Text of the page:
Iraq's army launched an assault Tuesday morning to try to retake the militant-held northern Iraqi city of Tikrit, an officer and a soldier involved in the attack told Reuters.
The attempt to retake Tikrit, which fell on June 12 to Sunni insurgents led by the extremist Islamic State group, began two-and-a-half weeks ago. The army has been saying for two weeks that its forces are on the outskirts of the city.
Tikrit lies 160 km (100 miles) north of Baghdad. It is a stronghold of loyalists of toppled dictator Saddam Hussein and ex-army officers who joined forces with Islamic State to take over large parts of north and west Iraq last month. The officer and soldier said the military attacked from the village of Awja, some 8 km south of the city. The army retook Awja, the birthplace of Saddam, on the night of July 3, and has been trying to push north since.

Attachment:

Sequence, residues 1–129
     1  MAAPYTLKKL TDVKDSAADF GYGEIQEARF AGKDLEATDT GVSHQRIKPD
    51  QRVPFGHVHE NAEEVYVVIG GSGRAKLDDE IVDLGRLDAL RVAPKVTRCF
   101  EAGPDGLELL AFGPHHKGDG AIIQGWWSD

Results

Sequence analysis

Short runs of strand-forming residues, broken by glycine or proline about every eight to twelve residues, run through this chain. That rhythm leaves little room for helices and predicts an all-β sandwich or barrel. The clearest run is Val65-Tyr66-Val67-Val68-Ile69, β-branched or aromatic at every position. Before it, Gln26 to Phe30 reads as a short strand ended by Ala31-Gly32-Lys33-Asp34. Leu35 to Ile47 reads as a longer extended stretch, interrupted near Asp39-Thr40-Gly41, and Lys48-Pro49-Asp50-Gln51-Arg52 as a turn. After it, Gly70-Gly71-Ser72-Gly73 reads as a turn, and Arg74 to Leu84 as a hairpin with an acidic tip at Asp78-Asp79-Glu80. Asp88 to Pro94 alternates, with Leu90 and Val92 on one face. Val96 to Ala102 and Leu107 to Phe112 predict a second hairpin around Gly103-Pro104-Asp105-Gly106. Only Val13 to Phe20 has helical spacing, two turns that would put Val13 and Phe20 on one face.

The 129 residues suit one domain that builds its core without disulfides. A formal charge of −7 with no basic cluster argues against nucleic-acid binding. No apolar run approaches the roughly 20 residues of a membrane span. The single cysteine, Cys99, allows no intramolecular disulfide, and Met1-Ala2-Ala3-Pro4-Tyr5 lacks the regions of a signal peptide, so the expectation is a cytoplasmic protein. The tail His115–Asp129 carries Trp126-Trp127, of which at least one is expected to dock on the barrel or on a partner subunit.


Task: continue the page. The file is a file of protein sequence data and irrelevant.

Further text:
Heavy fighting broke out in the Shishin district of southern Tikrit, they said.
Government forces retreated when Sunni insurgents overran Mosul on June 10 and swept south to seize Tikrit two days later. Shi'ite militias are now fighting alongside soldiers and police, but there have been few notable victories for government forces since they began a campaign late last month to seize back territory.